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Elaborate toys Я them, not us


Our grandson Kolten, who'll be 6 in early September and who has spent a week with us for the past two summers, is safely back home in South Texas now.

We all had a great time, although yours truly had to hit the Aleve a little more than usual to keep up. 

Suellen and I love our back yard and covered patio.  It's a great place to sip a cool beverage and to watch birds and squirrels battle for dominant time atop our new squirrel feeder (more on that later).  Last week, though, it became a baseball field, football field, lawn dart field, Wacky Wobble ball playground, sprayground (when the sprinkler system kicked in) and, more than once, an emergency medical facility. 

How in the world can a running boy step on a round rock and slice his heel?  Believe me, it can happen.

Koltuse1 We explored 113 million-year-old dinosaur tracks near Glen Rose, TX in the Paluxy River bed in Dinosaur Valley State Park and made a startling discovery before we even set foot out of the parking lot.  My brother (who gamely came along) and I noticed a perfectly formed dino footprint in the asphalt beside a history info board.

Dinosaurs . . . asphalt?

Hmm, who knew dinosaurs still stomped around Central Texas in the 1960s or '70s, when the state park shifted into tourist dino mode?  Can we get a T-rex investigative team out to Glen Rose please?  Stat!

Later that day, our car broke down at the halfway point of the Fossil Rim Wildlife Center.  Anywhere else along the wildlife drive, we would have been stranded and surrounded by giraffes and zebras looking for snacks tossed from automobiles.  (But that's another story.) 

Kolten made the trip to the Dallas area armed with a high-tech iPod loaded with electronic games and movies.  He also brought his baseball glove and a cherished baseball handed down through Dad Marc from Grandpa Dave.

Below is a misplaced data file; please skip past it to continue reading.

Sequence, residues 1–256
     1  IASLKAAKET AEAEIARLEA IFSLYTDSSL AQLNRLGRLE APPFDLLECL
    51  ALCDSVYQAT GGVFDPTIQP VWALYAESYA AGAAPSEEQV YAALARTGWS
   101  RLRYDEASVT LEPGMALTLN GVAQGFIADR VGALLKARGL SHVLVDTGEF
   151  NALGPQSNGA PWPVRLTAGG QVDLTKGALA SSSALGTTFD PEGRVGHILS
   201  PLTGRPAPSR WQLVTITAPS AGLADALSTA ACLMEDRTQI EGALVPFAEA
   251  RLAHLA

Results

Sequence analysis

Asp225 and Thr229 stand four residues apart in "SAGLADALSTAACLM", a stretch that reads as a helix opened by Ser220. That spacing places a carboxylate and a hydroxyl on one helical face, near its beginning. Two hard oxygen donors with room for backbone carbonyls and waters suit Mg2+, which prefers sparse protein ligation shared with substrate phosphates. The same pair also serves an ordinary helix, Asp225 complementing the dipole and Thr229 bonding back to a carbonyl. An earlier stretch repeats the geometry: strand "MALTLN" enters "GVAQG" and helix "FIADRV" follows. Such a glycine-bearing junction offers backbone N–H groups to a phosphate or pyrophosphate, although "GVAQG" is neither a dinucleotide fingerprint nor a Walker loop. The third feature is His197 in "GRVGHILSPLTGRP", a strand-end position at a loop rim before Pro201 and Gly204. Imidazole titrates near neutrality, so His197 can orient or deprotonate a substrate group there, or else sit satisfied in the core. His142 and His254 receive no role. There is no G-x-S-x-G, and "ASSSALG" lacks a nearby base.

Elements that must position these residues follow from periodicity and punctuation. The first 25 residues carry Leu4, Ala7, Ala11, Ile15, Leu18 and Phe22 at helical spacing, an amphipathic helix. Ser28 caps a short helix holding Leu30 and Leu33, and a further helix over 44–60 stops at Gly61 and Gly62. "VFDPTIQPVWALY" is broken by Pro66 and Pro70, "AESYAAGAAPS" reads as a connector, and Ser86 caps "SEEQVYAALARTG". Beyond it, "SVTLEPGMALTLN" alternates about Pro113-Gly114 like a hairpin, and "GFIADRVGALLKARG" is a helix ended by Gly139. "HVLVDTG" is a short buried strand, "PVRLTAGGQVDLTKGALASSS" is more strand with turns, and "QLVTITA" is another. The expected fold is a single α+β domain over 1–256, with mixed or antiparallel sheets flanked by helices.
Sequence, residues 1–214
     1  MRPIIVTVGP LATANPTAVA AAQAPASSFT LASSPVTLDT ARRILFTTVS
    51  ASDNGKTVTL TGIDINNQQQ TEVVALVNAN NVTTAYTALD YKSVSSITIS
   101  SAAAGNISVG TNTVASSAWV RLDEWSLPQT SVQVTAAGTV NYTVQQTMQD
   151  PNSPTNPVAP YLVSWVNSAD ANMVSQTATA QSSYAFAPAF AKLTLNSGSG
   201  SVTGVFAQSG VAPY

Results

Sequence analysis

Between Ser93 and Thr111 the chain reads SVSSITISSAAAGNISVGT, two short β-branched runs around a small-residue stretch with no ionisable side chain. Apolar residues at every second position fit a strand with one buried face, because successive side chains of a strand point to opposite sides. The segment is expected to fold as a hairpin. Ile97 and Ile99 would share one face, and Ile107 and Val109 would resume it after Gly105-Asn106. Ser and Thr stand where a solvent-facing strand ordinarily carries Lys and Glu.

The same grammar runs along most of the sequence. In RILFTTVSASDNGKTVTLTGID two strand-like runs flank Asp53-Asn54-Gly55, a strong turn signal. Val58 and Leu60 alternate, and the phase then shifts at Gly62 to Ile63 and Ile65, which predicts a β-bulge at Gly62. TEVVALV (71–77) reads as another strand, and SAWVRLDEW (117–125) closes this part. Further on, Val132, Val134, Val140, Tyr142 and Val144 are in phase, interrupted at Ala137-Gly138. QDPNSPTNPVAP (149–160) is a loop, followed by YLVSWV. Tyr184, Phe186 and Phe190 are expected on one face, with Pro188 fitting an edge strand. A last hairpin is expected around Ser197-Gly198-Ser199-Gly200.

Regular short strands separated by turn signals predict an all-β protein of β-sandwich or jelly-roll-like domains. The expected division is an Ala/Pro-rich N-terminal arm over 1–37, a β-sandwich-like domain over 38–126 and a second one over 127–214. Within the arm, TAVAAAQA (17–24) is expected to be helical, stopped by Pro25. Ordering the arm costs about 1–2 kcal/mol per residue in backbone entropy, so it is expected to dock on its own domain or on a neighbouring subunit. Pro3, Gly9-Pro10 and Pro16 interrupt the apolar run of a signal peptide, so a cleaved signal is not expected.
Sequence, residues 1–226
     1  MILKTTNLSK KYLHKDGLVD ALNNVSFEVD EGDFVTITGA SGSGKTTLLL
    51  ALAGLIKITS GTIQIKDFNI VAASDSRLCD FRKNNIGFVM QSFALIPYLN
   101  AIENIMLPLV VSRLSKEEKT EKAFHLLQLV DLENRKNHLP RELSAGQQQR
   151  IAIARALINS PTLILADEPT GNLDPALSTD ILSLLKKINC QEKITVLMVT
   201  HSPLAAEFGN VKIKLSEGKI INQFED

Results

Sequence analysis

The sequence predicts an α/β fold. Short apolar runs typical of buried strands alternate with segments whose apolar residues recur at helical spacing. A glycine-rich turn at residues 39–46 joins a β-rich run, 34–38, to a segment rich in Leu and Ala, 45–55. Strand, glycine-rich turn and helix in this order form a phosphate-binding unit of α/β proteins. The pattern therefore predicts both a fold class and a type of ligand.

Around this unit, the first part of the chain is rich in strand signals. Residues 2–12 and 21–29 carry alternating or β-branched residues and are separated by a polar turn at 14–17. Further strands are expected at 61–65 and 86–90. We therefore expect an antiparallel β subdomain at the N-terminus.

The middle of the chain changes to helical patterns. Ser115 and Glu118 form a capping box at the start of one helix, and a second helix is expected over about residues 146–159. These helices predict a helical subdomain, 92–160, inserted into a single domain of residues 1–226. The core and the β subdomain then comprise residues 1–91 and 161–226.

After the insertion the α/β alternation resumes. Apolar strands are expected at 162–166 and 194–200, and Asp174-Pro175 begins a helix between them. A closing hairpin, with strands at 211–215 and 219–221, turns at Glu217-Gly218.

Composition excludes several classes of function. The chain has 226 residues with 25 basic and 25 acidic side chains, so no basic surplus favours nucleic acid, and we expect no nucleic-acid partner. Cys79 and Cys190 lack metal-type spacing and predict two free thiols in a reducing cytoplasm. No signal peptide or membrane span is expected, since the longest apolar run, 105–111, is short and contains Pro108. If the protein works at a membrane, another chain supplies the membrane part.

Everything else awaited his highly anticipated arrival:  Educational, but entertaining books like Dr. Seuss' "Oh, the Thinks You Can Think!" and "Sesame Street's" "Elmo's Good Manners Game" changed the bedtime routine around here dramatically.  So long Texas Rangers, hello story time. 

But Suellen also loaded up on fun stuff.  We played foam basketball in the bedroom, Hot Hoops basketball game and "Don't spill that" in the living room.

David Letterman likes to say that all he had to play with when he was kid was a stick.

I remember spending a lot of fun time with Army men, marbles and a wagon before sports and bicycles entered my life. Outside, I remember digging a huge Army foxhole in the back yard and piling up rocks for ammo just in case of an attack.  (The Baker boys across the street could get a little frisky.)

On rainy days, I spent many joyful hours placing dozens of Army men all around my room (on shelves, on the window ledge, slightly hidden behind lamps, etc.)  Then I'd spend even more time shooting them with rubber bands.  Can I tell you something sort of private?  It was a blast!

I had lots of ammunition because I always had a paper route.  Suellen got Kolten a battalion or so of Army men last week.  Newspapers don't come with rubber bands in our neighborhood any more, though.  I tried tossing the flimsy plastic bag the paper arrives in at the Army men.

No luck.  I swear, I thought I saw one of those toy soldiers with a taunting smile on his plastic lips.

Kolten worked his way through the Wacky Wobble ball (full of air and water), the lawn darts, the toy cement truck, the Nerf football and the game where you throw bean bags into gaping mouths of a wooden monkey, lion, hippo or bear.  He had fun with the bubble squirter and the Woosh Koosh Frisbee.

Late in the week he appeared to be concentrating on a game I like to call Gather Up About 30 Small Rocks and Place Them All Around The Fort Constructed out of Patio Furniture.  If I'm not mistaken, there were some Army men lurking around the rock and patio furniture fortress.

Now there's a game I can identify with.  

I could teach that kid so much if I just had a box of newspaper rubber bands.  


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Enjoyed this one---Myra

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